Estados Unidos, hoy, tiene más de dos millones de reclusos. Entre ellos no se contabilizan los 137 que quedan en la prisión de Guantánamo, como ninguno de los que les antecedieron en la misma. Seguramente aquellos presos oficiales no sufrirán las técnicas de tortura que han padecido los denominados enemigos encerrados en una isla de impunidad bajo el Programa de Rendición, Detención e Interrogatorio, creado por George W. Bush, el 17 de septiembre del 2001 y que permitió a la CIA desarrollar métodos como el waterboarding (ahogamiento simulado), walling (golpear contra el muro), humillaciones y violencia sexual, golpes, amenazas de muerte, privación de sueño, “hidratación y alimentación rectal”, entre otras, en forma sistemática, hasta el cierre de ese siniestro programa en el 2009 por orden del presidente Obama, quien, sin embargo, no exigió al fiscal general que abriera ninguna investigación pero sí pidió “comprensión” para los torturadores.… Seguir leyendo »
Nearly eight years ago, 14 men arrived at Guantánamo after years in Central Intelligence Agency custody. Since then, only one has been tried and convicted with the case upheld on appeal. That was Ahmed Ghailani, a Tanzanian national who received a life sentence for his role in the 1998 bombings of the American Embassies in Kenya and Tanzania that killed 223 people. Mr. Ghailani was tried in federal court in New York, and he is serving his sentence in a federal prison in the United States. His 13 comrades from the C.I.A. detention and interrogation program are still in limbo at Guantánamo, where justice for them and the families of their victims remains elusive.… Seguir leyendo »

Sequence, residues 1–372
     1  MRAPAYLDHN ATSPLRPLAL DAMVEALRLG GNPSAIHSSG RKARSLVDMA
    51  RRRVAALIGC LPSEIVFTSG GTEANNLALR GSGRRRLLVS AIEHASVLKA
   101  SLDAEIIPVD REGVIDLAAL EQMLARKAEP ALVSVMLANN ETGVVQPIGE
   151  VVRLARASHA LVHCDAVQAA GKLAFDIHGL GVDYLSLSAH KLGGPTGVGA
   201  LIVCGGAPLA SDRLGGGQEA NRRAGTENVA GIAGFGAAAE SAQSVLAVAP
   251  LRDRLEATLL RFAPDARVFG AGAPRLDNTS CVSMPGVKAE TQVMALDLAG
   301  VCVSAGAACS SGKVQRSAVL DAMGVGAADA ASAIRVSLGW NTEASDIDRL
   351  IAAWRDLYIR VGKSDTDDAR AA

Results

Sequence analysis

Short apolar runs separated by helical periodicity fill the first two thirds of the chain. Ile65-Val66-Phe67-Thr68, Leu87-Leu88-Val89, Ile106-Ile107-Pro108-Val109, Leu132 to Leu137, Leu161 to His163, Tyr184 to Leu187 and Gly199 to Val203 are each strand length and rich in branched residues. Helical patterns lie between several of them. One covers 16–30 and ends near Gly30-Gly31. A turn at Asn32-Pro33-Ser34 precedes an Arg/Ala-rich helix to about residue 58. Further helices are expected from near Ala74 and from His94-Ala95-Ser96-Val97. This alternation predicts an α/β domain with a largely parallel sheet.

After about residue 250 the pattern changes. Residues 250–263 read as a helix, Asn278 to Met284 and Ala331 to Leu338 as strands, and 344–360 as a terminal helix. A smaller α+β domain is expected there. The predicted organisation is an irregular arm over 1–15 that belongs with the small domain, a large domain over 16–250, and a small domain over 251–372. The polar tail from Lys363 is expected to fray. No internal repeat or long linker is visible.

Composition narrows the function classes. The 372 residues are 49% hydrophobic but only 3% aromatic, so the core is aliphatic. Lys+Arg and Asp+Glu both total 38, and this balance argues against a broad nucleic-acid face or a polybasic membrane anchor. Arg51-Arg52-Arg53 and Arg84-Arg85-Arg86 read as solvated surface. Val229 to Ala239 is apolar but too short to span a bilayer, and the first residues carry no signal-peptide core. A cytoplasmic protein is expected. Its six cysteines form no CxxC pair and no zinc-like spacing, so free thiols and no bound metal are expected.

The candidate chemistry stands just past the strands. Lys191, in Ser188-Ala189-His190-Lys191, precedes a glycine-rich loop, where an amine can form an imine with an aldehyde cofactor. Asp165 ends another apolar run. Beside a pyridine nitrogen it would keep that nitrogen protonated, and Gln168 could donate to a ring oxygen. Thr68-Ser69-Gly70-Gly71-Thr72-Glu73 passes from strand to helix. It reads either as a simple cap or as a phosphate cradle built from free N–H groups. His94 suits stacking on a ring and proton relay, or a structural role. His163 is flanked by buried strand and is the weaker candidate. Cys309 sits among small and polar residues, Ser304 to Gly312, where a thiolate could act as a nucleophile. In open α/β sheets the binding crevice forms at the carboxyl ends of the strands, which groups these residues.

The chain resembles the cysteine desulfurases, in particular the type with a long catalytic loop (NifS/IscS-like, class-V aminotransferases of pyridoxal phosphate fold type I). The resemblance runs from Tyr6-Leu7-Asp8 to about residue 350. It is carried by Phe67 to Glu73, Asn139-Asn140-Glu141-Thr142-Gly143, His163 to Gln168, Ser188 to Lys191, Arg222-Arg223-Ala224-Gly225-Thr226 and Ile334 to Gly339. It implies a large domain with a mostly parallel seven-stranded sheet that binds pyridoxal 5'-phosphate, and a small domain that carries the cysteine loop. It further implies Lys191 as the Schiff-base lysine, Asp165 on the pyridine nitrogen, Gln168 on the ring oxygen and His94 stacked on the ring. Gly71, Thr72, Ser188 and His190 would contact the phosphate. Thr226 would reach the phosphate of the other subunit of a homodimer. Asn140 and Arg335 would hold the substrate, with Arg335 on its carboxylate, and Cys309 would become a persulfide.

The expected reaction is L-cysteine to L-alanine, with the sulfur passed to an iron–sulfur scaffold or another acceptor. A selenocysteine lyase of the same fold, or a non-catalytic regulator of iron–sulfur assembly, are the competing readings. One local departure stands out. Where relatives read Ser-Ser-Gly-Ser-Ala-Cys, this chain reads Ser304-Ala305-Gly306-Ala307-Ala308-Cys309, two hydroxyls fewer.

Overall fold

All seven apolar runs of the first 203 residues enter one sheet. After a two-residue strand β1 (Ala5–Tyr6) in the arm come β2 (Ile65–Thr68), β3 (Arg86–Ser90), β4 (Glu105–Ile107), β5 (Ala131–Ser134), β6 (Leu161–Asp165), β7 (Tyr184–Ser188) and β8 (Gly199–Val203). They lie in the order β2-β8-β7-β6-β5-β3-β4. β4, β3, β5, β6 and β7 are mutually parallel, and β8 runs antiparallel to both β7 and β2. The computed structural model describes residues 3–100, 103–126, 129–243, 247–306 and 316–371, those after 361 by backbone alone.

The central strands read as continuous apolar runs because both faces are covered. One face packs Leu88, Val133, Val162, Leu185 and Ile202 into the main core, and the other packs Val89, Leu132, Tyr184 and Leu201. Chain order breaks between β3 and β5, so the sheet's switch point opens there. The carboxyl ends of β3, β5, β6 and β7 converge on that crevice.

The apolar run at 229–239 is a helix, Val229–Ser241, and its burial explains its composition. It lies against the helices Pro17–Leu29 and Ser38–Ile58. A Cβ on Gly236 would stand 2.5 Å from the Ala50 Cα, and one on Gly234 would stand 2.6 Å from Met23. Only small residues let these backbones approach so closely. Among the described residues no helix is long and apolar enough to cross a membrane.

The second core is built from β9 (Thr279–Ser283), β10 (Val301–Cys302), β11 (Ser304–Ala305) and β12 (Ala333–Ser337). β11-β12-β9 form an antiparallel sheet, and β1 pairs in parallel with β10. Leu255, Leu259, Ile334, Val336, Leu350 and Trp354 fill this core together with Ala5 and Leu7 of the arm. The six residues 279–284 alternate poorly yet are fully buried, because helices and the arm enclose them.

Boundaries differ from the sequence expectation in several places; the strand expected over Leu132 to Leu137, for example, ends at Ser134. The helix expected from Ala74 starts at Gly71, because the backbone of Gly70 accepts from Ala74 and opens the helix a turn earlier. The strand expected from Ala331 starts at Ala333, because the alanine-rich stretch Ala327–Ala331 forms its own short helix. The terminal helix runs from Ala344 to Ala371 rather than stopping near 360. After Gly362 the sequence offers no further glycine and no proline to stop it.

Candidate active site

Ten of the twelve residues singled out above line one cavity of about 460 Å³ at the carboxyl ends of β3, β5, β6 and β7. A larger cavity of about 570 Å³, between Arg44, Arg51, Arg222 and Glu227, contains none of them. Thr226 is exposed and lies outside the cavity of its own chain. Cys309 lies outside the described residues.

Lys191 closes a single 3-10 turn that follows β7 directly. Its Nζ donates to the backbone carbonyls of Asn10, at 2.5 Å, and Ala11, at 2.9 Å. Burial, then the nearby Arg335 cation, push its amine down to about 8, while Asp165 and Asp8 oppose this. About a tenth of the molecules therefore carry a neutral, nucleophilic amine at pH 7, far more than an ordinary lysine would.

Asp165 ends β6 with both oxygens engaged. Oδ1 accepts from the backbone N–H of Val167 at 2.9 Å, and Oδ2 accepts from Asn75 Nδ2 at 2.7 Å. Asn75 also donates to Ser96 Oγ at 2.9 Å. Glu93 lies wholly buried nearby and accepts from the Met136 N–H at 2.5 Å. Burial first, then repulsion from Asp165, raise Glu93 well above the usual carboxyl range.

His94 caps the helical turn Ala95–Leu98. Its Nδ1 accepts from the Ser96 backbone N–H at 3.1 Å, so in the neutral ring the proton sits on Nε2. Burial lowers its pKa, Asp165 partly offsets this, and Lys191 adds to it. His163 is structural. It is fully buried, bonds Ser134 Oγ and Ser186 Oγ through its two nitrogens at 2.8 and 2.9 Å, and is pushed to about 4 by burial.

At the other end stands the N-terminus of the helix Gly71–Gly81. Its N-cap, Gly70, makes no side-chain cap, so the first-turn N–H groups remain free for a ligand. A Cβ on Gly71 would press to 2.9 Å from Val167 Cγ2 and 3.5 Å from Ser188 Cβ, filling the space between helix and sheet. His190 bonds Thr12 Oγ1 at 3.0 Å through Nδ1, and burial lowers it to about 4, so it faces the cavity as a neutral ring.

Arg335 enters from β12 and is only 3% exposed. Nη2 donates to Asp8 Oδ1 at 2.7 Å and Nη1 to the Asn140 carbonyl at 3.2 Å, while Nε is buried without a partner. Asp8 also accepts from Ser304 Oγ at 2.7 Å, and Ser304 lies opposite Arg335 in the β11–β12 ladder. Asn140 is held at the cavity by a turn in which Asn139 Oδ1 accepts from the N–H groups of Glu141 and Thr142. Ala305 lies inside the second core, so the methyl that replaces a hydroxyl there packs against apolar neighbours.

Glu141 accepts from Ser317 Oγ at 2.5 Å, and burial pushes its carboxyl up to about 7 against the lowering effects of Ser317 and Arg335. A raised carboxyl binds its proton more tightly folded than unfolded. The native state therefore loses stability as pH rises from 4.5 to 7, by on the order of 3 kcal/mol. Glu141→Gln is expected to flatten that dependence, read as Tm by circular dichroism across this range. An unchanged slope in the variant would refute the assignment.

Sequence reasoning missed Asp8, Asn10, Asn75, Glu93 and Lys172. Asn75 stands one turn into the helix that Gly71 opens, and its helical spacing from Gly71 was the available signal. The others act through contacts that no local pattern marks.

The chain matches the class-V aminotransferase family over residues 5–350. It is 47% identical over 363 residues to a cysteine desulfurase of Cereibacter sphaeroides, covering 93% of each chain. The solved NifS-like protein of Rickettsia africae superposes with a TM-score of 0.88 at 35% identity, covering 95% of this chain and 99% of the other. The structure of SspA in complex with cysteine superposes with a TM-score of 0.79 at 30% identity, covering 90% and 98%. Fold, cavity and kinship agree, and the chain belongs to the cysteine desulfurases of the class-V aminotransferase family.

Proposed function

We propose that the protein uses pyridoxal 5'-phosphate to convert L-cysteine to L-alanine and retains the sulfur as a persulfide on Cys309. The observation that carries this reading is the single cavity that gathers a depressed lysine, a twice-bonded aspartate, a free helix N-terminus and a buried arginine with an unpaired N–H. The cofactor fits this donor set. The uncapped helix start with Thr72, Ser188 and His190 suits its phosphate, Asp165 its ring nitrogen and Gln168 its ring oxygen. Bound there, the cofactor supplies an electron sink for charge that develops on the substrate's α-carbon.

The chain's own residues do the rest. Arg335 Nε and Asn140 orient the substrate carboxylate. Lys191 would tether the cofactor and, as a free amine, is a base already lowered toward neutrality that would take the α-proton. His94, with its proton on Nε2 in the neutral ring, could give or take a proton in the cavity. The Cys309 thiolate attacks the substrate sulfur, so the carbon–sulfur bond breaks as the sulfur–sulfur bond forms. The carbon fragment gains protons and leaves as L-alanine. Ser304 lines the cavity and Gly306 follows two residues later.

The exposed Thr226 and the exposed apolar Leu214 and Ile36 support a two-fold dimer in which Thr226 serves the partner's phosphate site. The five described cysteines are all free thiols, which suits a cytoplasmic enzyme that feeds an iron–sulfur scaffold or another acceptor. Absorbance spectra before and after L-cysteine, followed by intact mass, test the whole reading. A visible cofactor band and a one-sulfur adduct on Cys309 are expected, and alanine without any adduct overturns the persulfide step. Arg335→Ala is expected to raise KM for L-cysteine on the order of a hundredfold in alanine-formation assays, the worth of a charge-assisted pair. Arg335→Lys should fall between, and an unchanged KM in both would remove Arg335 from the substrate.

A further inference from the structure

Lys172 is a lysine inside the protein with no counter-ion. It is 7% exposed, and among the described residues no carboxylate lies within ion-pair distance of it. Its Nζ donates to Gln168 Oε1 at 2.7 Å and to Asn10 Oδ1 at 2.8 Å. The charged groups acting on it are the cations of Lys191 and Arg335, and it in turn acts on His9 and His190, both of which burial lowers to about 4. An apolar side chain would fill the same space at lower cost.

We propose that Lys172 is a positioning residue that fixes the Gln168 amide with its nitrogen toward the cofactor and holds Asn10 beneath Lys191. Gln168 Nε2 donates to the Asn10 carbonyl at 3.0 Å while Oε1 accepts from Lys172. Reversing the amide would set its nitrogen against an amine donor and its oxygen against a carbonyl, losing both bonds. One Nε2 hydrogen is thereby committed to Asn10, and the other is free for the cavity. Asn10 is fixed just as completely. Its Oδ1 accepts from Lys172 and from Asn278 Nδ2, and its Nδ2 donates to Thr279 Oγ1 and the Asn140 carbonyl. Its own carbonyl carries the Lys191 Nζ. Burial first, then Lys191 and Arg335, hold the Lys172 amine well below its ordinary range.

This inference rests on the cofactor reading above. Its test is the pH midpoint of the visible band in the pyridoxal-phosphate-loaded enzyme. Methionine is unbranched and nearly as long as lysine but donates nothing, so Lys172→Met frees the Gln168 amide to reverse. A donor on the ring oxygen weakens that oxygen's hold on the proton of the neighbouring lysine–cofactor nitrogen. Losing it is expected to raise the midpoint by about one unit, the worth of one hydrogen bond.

The transfer to civilian custody of accused al Qaeda operative Nazih Abdul-Hamed al-Ruqai, also known as Abu Anas al-Libi, presents the Obama administration with a high-profile opportunity to demonstrate the efficacy of prosecuting terrorist suspects in the U.S. criminal justice system. It also rebuts critics in Congress who maintain that military commissions at Guantanamo Bay are the only sensible venue for terrorism prosecutions.
Al-Libi, who was captured by U.S. military forces in Libya earlier this month, was indicted in 2000 with 20 other defendants in the Southern District of New York for his reputed role in the 1998 terrorist bombings of the U.S… Seguir leyendo »